SHOPLOTS in the commercial centre of Taman Aman Perdana in Meru, Klang, have been turned into hostels for foreign workers, who live in less-than-conducive condition.
The workers are occupying almost the entire ground and upper floors of the multiple shoplots in the commercial centre.
StarMetro visited the area and found about 150 shoplots at the commercial centre of the elite neighbourhood made up of semi-detached houses and bungalows.
Except for several ground floor shops housing businesses such as a mini market, four restaurants, a launderette, a car accessories shop and two car workshops, checks revealed that the rest of the blocks have been turned into workers’ hostels.
The two streets in the commercial area -- Jalan 1A and Jalan 1C -- where several blocks of double and triple-storey buildings are located, are quiet and tranquil during the day but burst into a hive of activities in the evening.
Residents said the situation was worrying. They call it a foreign enclave, populated by nationalities from South-East Asian and South Asian countries.
The residents claim that the commercial centre, built to serve the needs of more than 2,000 households in the residential area, has become irrelevant to them as the shops there do not offer goods and services that they require.
While there are a few businesses owned by the locals, checks also revealed that a number of the premises on the ground floors have been turned into shops by the foreigners.
In most of the shoplots, business enterprises are set up in the front while the back portion of the premises is used as living quarters.
The businesses operated by the foreigners cater for the needs of the workers living there, selling items such as sundries and toiletries. Some even sell chicken in the back of the shop.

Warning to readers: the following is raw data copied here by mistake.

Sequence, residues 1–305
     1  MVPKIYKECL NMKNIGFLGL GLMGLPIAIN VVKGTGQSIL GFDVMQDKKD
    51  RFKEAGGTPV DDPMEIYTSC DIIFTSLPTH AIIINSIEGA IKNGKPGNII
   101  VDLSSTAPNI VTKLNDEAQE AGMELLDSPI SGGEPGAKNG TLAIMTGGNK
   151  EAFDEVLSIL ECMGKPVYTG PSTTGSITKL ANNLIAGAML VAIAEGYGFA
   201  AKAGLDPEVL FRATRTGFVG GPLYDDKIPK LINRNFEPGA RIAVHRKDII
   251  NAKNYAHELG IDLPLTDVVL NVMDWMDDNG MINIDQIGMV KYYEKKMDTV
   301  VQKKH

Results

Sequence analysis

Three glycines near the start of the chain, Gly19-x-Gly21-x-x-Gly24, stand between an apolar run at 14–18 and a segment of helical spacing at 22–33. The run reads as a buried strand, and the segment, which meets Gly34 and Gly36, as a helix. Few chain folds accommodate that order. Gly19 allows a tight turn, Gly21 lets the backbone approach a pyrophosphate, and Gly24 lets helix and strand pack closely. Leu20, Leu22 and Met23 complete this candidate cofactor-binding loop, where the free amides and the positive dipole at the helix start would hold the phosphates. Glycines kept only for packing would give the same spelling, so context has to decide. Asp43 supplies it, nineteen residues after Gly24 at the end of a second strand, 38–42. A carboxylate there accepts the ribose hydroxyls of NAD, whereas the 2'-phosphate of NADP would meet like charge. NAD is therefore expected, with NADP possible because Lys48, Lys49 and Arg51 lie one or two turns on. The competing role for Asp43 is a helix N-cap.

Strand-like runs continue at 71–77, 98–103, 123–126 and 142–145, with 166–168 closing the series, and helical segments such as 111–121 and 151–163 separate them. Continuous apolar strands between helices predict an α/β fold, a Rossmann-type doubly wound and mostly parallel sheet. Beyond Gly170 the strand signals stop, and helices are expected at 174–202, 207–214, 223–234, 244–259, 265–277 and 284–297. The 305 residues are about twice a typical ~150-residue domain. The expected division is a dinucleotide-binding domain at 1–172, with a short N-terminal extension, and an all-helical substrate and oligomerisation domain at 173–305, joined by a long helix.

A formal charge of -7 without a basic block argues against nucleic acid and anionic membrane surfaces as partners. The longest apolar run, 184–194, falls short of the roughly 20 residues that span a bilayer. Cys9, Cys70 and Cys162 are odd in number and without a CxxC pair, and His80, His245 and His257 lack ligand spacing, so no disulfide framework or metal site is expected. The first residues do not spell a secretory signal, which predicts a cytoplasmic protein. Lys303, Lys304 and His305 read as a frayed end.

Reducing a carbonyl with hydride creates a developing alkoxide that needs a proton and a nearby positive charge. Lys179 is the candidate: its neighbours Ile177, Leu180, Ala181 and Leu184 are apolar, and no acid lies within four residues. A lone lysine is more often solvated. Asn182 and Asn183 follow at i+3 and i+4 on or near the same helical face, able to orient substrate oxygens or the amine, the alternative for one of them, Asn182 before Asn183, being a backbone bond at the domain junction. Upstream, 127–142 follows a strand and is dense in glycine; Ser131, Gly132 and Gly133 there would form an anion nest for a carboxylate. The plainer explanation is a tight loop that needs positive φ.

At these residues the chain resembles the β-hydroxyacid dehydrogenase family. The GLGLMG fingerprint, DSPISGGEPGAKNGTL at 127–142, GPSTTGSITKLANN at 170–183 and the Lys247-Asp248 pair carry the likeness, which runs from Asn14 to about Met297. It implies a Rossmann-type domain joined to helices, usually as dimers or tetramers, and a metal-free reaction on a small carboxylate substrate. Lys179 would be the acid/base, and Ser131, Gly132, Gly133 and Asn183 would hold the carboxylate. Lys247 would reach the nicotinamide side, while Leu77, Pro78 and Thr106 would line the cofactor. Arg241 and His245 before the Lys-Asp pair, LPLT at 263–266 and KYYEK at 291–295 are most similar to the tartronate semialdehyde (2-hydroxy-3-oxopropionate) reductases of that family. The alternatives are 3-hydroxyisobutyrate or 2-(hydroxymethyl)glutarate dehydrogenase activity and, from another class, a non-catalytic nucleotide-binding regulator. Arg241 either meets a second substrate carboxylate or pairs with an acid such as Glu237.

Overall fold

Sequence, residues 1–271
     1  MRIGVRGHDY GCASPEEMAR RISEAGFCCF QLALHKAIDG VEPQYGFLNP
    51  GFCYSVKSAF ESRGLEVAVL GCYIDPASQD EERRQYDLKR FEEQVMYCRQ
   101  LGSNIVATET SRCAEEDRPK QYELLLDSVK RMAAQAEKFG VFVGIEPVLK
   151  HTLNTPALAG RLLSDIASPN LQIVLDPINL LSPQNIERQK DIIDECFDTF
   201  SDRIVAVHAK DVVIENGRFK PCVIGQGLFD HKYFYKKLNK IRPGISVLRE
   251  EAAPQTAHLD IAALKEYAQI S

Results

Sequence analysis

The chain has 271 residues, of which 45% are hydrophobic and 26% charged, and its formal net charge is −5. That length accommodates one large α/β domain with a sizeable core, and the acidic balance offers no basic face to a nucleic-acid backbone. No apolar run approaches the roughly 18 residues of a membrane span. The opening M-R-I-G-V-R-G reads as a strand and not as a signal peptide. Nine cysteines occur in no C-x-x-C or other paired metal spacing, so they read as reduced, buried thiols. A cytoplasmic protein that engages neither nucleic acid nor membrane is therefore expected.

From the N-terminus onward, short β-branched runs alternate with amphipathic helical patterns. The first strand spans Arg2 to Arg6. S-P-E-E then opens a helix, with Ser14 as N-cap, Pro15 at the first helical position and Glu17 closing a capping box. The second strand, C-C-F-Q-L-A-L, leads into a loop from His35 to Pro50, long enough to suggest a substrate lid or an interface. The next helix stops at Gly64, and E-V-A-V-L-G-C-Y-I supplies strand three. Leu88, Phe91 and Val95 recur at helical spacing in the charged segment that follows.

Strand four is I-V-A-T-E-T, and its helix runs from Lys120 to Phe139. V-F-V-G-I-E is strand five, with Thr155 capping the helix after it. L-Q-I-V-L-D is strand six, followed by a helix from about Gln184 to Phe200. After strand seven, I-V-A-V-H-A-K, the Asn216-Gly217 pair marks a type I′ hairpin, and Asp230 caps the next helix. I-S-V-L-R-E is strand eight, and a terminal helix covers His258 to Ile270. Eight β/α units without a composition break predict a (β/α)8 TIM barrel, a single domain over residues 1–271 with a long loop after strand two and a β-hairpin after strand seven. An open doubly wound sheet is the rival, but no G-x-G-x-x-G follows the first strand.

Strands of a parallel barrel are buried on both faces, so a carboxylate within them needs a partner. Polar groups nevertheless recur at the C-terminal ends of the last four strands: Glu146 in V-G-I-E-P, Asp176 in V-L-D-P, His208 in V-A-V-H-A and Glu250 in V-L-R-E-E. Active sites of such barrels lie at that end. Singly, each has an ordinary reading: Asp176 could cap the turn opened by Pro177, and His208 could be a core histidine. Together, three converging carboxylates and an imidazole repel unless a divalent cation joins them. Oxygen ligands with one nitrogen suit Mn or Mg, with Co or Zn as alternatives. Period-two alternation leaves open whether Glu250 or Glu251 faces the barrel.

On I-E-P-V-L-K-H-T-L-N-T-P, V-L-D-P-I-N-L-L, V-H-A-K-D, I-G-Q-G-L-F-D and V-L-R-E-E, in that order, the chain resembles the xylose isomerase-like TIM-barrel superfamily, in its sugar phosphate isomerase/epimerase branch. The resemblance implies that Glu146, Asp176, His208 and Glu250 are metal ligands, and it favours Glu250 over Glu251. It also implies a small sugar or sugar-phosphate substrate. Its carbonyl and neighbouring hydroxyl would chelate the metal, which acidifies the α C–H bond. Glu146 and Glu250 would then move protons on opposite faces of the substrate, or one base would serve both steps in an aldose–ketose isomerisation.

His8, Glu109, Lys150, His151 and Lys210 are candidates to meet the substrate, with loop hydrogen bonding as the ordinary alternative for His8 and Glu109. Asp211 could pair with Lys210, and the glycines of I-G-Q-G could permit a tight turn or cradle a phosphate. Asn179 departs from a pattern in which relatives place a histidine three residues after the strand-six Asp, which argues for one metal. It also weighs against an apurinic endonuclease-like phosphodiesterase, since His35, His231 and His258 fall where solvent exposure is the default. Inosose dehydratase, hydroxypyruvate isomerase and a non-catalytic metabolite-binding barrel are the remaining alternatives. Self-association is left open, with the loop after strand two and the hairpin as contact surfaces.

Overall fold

The traders also sell cheap liquors of various brands including contraband from their workers’ respective country of origin.
In the evenings, the workers can be seen hanging out on the streets and five-foot ways, usually gathering around the shops owned by their countrymen.
Their favourite pastime appears to be playing carom and they normally play the game along the corridors in front of the shops.
During weekends, a large number of the workers play cricket.
The workers prefer to spend time outdoors because the shop-hostels have between 60 and 80 workers in poor living environment.
Most of the “hostels” only provide shared bedding where two people have to share the use of a bed based on shifts.
A worker, who only wished to be known as Jamal, said that he and his friend took turns to sleep on the bed as they worked on 12-hour shifts.
“My friend will get the bed when I am at work, and when I come back to get my rest, he will be headed out to work,” Jamal explained.
While pointing at one of the many double-decker beds in the unit, he said: “We have to keep our belongings in our bags every day before going to work so that the bed will be kept clear for the other person to sleep in,” he added.
At some of the premises, the workers are provided with a small cupboard for them to store their belongings.
Besides sharing beds, they are also forced to put up with unhygienic condition at their “hostels,” which only have a bathroom and a toilet.
As the premises are kept locked at the front and back, they also lack ventilation.
In most premises, it is observed that the workers cook their own meals. Stoves and gas cylinders are a common feature in these units.
The back lanes of the commercial centre are also in a sorry state, with rubbish strewn all over, resulting in an unbearable stench.
Added to that are all sorts of unused as well as discarded items including furniture, containers and mattresses stacked up along the back walls of the shops.
Employers urged to provide suitable lodging